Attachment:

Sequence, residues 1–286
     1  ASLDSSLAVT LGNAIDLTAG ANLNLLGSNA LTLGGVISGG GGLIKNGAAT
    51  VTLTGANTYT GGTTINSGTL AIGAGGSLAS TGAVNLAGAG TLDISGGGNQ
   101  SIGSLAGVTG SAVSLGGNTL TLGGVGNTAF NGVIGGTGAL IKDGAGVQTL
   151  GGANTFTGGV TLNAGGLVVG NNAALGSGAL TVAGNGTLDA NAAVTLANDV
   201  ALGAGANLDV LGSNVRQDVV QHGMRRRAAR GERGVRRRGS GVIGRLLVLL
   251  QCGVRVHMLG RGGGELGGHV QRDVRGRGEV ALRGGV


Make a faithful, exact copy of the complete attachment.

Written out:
Sequence, residues 1–286
     1  ASLDSSLAVT LGNAIDLTAG ANLNLLGSNA LTLGGVISGG GGLIKNGAAT
    51  VTLTGANTYT GGTTINSGTL AIGAGGSLAS TGAVNLAGAG TLDISGGGNQ
   101  SIGSLAGVTG SAVSLGGNTL TLGGVGNTAF NGVIGGTGAL IKDGAGVQTL
   151  GGANTFTGGV TLNAGGLVVG NNAALGSGAL TVAGNGTLDA NAAVTLANDV
   201  ALGAGANLDV LGSNVRQDVV QHGMRRRAAR GERGVRRRGS GVIGRLLVLL
   251  QCGVRVHMLG RGGGELGGHV QRDVRGRGEV ALRGGV